School Report 2015/16: Starting out with School Report?

Welcome to School Report - the BBC's initiative which gives 11-16 year olds the chance to make the news for real!

If you are new to the project this is our guide to getting the most out of School Report and ensuring that the project is a success in your school.


1. When you have joined our mailing list, you will start to receive emails from us helping you through the project. If you are interested in taking part in School Report 2015-16 please complete the form and we will contact you this term.

2. Complete your essential School Report paperwork. Even if you have taken part in the project before, these forms need to be completed every year your school is involved. Get at least Form 1 back to us as soon as you can!

This lets us know that you are taking part in the project this year, and entitles you to use unique School Report branding, to appear on the School Report map, to take part in monthly Practice News Days, and receive one-to-one advice from BBC members of staff, either by phone, email or sometimes in person.

3. Get planning! Familiarise yourself with the project - have a look at our lesson plans and practical tips for teachers - check out our teacher resources page for links to video masterclasses and reporting guides.

You can also learn more about how School Report can support the curriculum in a range of subjects

4. Get your IT gurus on board, and prepare a dedicated web page for your students' news on your school website. Send us the URL, and we will link to it from the School Report map when you have returned your paperwork. This is how the BBC broadcasts your students' work.

There are various ways in which to present the student reports online, and here are a few examples of different School Report web pages for you to take a look at. You could opt for:

5. School Report runs several Practice News Days (PNDs) in the months running up to News Day itself. These usually take place in November, December, January and February. Exact dates will be confirmed nearer the time.

These are not compulsory at all, but a chance for a dress rehearsal or to include extra students in the project. They are a great way to discover what works and what doesn't and to uncover technical bugs, before the big News Day. If you want an idea of what to do, have a look at our News Day lesson plan.


1. Start working towards News Day (10 March 2016)! Here are a few questions to have a think about. You might not need or want to answer them all, but it should give you some food for thought.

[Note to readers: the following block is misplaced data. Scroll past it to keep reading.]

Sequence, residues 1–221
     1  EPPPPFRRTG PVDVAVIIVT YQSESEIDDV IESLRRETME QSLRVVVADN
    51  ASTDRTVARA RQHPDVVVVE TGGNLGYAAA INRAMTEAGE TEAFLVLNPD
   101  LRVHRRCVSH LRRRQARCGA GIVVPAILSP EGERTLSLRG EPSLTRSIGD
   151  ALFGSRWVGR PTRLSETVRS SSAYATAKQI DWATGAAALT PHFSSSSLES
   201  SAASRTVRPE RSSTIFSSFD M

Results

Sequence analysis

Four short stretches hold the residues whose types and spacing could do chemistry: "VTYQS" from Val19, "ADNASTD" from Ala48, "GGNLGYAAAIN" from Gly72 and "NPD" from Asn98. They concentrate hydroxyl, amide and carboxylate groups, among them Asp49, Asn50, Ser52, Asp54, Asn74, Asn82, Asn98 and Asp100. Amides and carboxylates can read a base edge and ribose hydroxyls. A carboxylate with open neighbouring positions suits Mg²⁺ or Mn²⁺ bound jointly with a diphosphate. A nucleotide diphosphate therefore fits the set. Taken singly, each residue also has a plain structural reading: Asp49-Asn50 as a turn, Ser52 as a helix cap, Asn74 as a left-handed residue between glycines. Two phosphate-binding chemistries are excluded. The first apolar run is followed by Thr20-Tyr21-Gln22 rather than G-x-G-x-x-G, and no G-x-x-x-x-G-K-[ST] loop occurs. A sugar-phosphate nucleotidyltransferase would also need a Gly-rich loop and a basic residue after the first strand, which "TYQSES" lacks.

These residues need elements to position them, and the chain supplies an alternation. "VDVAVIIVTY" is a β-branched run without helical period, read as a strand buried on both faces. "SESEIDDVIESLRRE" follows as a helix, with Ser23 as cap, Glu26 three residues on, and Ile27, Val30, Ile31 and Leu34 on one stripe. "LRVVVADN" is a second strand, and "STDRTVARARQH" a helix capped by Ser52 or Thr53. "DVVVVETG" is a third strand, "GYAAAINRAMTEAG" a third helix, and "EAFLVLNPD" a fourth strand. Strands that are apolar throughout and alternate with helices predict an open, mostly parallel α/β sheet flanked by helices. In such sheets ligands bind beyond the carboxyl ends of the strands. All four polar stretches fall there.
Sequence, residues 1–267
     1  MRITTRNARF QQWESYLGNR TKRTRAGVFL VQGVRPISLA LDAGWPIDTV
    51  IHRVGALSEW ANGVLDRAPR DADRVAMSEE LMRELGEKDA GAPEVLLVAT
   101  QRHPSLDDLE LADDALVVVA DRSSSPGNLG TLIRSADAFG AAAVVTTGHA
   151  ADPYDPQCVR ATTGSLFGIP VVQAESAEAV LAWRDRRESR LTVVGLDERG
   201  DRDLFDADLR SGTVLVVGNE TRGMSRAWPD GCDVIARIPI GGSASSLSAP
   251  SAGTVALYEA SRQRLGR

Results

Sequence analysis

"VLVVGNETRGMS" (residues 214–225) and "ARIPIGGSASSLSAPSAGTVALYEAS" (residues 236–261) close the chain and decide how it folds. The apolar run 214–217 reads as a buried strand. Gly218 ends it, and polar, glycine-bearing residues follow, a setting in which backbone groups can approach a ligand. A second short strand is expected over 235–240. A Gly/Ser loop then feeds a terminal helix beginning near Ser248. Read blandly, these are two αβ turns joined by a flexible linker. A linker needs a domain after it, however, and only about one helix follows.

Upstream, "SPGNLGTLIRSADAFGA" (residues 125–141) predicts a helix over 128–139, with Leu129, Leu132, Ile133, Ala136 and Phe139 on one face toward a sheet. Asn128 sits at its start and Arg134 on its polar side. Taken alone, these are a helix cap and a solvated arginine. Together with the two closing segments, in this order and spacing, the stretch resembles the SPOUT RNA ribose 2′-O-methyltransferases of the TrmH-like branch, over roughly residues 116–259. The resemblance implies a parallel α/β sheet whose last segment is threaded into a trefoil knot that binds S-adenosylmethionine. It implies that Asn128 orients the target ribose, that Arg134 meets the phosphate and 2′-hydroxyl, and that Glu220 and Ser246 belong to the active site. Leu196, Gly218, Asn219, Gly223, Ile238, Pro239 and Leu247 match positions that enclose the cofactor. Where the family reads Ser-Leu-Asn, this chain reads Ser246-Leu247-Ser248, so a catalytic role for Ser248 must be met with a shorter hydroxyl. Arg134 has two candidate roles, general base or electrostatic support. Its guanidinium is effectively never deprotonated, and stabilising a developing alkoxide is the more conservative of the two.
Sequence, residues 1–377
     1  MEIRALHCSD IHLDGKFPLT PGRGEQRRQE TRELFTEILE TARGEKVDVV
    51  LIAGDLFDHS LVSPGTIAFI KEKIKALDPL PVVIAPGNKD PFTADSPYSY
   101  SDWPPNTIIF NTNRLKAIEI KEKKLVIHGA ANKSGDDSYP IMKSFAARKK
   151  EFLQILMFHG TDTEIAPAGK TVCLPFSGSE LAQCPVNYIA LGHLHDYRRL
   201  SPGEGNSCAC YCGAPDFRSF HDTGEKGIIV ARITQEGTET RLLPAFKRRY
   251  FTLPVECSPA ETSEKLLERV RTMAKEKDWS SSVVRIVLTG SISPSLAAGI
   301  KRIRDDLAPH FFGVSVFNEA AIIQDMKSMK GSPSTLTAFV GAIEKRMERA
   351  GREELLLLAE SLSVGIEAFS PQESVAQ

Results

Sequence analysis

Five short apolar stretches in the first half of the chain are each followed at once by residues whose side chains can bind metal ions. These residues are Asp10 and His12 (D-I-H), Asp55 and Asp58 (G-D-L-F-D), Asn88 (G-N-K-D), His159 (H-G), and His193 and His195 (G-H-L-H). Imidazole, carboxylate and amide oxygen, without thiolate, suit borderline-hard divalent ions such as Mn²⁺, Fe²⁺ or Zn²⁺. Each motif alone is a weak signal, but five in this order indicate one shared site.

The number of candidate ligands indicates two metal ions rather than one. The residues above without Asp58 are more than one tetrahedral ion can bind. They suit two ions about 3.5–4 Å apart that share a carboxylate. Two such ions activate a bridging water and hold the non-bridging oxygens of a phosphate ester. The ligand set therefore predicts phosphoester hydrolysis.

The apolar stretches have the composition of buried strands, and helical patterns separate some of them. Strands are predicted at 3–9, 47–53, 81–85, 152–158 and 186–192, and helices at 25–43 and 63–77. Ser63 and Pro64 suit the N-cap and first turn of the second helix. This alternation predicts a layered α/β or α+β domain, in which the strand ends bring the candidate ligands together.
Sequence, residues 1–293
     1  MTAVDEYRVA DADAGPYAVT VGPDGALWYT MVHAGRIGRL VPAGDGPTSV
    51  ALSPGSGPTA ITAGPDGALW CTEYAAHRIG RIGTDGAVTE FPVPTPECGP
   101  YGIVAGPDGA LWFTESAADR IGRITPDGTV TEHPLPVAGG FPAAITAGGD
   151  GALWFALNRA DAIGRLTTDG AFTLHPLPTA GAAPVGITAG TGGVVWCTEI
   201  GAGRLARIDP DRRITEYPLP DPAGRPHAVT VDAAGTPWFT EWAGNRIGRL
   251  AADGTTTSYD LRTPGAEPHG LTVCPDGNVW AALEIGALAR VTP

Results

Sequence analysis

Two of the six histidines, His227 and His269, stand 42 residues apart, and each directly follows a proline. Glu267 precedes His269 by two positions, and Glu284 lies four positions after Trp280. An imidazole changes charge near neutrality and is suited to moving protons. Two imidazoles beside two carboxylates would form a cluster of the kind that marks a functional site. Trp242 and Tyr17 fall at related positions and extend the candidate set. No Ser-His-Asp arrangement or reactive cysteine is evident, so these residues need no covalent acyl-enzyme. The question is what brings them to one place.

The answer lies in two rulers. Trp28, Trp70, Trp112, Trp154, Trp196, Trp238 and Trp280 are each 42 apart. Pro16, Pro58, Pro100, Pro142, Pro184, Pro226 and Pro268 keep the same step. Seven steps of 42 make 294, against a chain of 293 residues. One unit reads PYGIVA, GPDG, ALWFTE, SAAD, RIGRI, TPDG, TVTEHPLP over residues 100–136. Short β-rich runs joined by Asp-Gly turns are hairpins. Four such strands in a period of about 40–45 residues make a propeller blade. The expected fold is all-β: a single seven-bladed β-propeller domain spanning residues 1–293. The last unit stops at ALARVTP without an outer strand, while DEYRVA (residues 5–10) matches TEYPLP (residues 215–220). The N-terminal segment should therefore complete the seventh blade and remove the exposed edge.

Image caption Some students were able to interview England football manager Roy Hodgson for the 2015 News Day
  • Do you have a team of reporters? Have they been assigned roles? Have you booked a room for News Day? Have you arranged cover for lessons? Will you leave the school grounds, and if so have you done a risk assessment?
  • Will your students prepare any news reports or "features" in advance, or create all of your reports on the day?
  • Will you film on a camera/record audio/write text/take photos? And have you booked the right equipment?
  • Think about guests - do your students want to interview anyone? If so, who? Are they available? Do you want to approach celebrities to take part?
  • Are you twinned with a school abroad? Do you want to work with them?

Get all of your plans in place so that you are not stressed on the day!

2. Make sure you have obtained parental consent for every student creating or contributing to news reports, including any under-16s who may be interviewees. Once you have these consents on file return Form 2 to us as soon as possible. This allows us to link to your school website and consider your students for potential reporting opportunities where available.

3. February brings an arrival of School Report goodies! Keep an eye out for your free School Report lanyards and press cards, pens and don't forget to download posters and microphone cubes to make sure everyone at school knows that your students are official BBC News School Reporters. If you haven't returned your forms you won't receive any freebies... so be warned!

Image caption What equipment will your students use, and have you booked this in advance?

4. Generate some publicity. Tell your Head and the other staff at your school, your local newspaper and of course us at BBC News School Report what you are planning. Make your students' voices as loud as you can (metaphorically speaking!).

School Report has produced a guide to help with some practical tips for promoting your stories and involvement in School Report to an even wider audience.

5. News Day - 10 March 2016

Join hundreds of other schools across the UK making the news for real! Make your classroom feel like a newsroom - don't forget to give countdowns, monitor for breaking news, hold editorial meetings to discuss your running order and make your news by 14:00 GMT.

Upload your reports to your school's School Report web page by 16:00 GMT.

And tune in to the BBC, where we'll be sending our audience to your websites, keeping in touch with you all day, broadcasting some of your reports on TV, on radio and online, and publishing your "shout-outs" to your School Reporters on our website. It will be an exhilarating, exhausting and rewarding day!

6. After News Day

Let us know how it all went and make sure you give each of your School Reporters their special School Report certificates!

You can keep reporting through the summer term - do let us know if you are doing this.